Who is “Silver Fox?”
Francis Clark Bussy was born March 21st, 1928 to Beatrice Bussy in Manhattan, New York. He was a veteran of the U.S. Navy during World War II and settled in Amityville, NY after his service. While walking down the street in the Village one day he stopped Ed Lowe, an Amityville policeman and told him, “Hey, I want to be a cop.” Thus a career in law enforcement was born. Ed Lowe became Chief of Police in Amityville and he and my father were life-long friends. Francis, called “Frank” despite it not being a favorite nickname, eventually went on to be a Detective Sergeant, and then a Special Investigator for the State Attorneys General of New York and Utah.
I remember Dad as a crafty man. He was always making something of nothing. It was not unheard of for him to stop on the Long Island Expressway (using the lights on the Police car if he was driving one at the time of course) to pick up a piece of wood to be later crafted into some piece or another. “Hey I can make something from this!” was a common utterance. He was a painter of houses (every cop moonlighted) and of canvas. I remember him painting the pictures found in National Geographic; these pictures later decorated our house. The National Geographics of course were occasionally repurposed by this then-adolescent male.
Dad had a van he used for painting houses and this was occasionally borrowed by my older brother and his friend (and my all-but-adopted brother) George “Chick” Brenner for surfing trips to Gilgo Beach. As I remember the story they got the van stuck at the beach and a state trooper helped them get it unstuck. Despite the population in New York and the large number of policemen who protect it, things like that always have a way of getting back to the father through the “cop grapevine.” “I see you got most of the sand out of the van” Dad said in an offhand way. “Yeah!” my brother said and then realized he’d been caught. Chick said “Damn, you’re like a fox!” and from that time on dad’s nickname was “the Fox.” Inevitably, as a man who was prematurely silver since his late 20’s, “Silver Fox” evolved. His silver hair helped him land several modeling shots and even a couple of non-speaking parts as “the esteemed Gentleman from Kentucky” and “the experienced surgeon” in made for TV movies.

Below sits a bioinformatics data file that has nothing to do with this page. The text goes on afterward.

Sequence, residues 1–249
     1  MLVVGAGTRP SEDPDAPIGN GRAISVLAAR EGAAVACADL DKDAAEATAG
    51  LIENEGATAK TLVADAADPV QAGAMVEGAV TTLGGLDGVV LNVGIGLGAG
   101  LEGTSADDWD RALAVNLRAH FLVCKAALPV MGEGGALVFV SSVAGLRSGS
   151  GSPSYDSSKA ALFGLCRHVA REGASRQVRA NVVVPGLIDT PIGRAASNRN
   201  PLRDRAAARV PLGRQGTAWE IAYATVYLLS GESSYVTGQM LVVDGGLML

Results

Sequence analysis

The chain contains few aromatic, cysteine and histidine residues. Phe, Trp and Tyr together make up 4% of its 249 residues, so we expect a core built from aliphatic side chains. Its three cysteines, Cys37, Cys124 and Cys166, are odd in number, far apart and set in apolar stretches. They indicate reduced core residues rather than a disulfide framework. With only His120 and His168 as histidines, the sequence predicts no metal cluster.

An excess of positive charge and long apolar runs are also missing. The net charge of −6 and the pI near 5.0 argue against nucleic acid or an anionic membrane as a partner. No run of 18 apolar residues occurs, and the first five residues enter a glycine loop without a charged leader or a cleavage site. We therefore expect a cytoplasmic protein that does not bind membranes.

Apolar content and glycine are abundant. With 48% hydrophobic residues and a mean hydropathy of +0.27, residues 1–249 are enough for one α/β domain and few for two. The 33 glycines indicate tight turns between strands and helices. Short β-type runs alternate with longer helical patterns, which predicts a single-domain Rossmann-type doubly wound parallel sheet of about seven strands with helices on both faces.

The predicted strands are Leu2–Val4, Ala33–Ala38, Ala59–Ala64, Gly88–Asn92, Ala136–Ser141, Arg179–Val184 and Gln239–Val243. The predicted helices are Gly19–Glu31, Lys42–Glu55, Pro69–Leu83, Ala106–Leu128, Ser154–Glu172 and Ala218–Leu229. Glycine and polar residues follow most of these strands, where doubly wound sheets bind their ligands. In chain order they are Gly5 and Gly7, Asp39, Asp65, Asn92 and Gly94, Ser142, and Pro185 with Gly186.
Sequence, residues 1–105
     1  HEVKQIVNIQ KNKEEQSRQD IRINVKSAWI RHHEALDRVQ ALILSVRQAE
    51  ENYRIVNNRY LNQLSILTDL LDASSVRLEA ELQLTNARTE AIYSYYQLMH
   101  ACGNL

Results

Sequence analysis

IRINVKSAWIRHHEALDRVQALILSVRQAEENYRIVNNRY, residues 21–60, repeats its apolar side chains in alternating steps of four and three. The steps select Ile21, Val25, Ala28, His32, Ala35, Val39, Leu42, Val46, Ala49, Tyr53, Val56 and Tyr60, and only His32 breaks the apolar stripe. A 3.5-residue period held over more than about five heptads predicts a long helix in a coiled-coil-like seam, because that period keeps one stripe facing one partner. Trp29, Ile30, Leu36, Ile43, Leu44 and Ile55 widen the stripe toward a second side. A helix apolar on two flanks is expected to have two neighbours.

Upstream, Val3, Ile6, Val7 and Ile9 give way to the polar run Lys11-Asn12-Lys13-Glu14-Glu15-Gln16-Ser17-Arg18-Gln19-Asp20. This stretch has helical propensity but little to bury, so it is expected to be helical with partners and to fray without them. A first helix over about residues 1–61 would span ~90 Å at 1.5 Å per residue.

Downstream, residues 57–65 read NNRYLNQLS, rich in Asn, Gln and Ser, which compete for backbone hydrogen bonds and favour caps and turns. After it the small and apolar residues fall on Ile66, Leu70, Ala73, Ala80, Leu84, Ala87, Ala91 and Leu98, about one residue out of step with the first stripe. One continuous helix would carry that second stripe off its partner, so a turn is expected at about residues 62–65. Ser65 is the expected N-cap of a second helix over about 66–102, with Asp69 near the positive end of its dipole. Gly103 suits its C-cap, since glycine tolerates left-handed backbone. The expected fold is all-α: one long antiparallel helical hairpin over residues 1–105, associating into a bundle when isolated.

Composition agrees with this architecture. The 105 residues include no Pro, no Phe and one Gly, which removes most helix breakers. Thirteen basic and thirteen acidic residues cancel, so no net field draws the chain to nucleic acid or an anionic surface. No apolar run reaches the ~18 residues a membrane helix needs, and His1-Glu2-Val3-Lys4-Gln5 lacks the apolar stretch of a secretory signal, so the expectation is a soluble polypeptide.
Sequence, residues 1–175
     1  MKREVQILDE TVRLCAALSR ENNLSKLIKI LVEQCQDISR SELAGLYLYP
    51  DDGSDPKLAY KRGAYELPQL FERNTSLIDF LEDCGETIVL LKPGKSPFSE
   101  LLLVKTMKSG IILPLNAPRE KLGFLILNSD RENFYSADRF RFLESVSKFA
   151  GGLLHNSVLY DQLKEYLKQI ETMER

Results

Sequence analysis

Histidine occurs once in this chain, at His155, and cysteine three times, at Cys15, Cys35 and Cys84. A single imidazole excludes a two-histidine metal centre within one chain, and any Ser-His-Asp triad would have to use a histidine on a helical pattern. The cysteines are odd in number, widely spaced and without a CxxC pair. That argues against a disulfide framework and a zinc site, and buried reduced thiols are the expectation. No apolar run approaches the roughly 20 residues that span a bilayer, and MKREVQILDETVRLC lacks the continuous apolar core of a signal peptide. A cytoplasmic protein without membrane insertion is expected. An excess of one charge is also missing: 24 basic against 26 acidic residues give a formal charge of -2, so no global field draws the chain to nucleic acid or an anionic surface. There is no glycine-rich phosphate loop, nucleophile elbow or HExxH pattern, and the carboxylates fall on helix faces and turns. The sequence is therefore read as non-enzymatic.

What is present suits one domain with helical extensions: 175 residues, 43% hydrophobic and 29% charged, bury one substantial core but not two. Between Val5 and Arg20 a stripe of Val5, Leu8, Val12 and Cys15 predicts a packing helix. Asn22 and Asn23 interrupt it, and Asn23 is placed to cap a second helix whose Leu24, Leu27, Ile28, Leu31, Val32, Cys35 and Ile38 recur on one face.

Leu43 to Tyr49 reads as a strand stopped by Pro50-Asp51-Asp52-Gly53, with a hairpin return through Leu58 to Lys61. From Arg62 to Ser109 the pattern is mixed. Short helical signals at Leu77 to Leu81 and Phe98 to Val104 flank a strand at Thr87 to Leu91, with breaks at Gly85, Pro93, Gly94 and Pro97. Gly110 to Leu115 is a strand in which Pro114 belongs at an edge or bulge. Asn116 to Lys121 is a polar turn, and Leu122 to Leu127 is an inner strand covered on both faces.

Over the years, and especially in his retirement, Dad would do crafts and send those to all the kids as presents. Sadly I’ve lost track of a lot of them over the years. Dad passed on Christmas Day, 2010, with us all at his bedside. His remains rest in a veterans’ cemetery in Florida. It is marked by a plaque with his name, rank while in the service, and the phrase “family man, artist.”
I am sad to report that since I started working on this article, George “Chick” Brenner passed away in his sleep the night of October 20th, 2014. Chick was as much a brother to me as my two biological brothers. We didn’t always talk, families are like that, but I will miss him dearly.
Silver Fox 1.0 was inspired by a lot of places. John at Los Angeles Shaving Soaps (LASS) started a lot of folks thinking about soaps in general in a thread on Badger and Blade. John was also great about answering questions for me. David Foulkrod (dfoulk on Badger & Blade) got me going with a lot of soap samples and I took inspiration from each vendor represented. Dave Smith (dosco on Badger & Blade) and I had some discussions and exchanged some soaps as well. Initially I looked to emulate what I got from my JabonMan and Tabac soaps; I distilled that down into wanting a certain type of performance. I also need to especially thank DeeAnna Weed (DeeAnna on The Soap Making Forum) for her assistance in editing and reviewing this first and arguably most important part of my articles.
Going Open Source